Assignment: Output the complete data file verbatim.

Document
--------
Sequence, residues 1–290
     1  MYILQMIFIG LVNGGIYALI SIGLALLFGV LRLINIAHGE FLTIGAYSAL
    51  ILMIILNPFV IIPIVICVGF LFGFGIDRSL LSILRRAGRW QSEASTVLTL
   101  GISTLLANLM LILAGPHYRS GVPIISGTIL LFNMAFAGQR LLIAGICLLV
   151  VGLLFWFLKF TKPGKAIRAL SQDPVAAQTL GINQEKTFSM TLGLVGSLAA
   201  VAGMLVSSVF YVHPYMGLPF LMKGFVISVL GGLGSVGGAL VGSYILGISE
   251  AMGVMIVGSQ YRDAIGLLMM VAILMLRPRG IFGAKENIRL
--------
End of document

Sequence, residues 1–290
     1  MYILQMIFIG LVNGGIYALI SIGLALLFGV LRLINIAHGE FLTIGAYSAL
    51  ILMIILNPFV IIPIVICVGF LFGFGIDRSL LSILRRAGRW QSEASTVLTL
   101  GISTLLANLM LILAGPHYRS GVPIISGTIL LFNMAFAGQR LLIAGICLLV
   151  VGLLFWFLKF TKPGKAIRAL SQDPVAAQTL GINQEKTFSM TLGLVGSLAA
   201  VAGMLVSSVF YVHPYMGLPF LMKGFVISVL GGLGSVGGAL VGSYILGISE
   251  AMGVMIVGSQ YRDAIGLLMM VAILMLRPRG IFGAKENIRL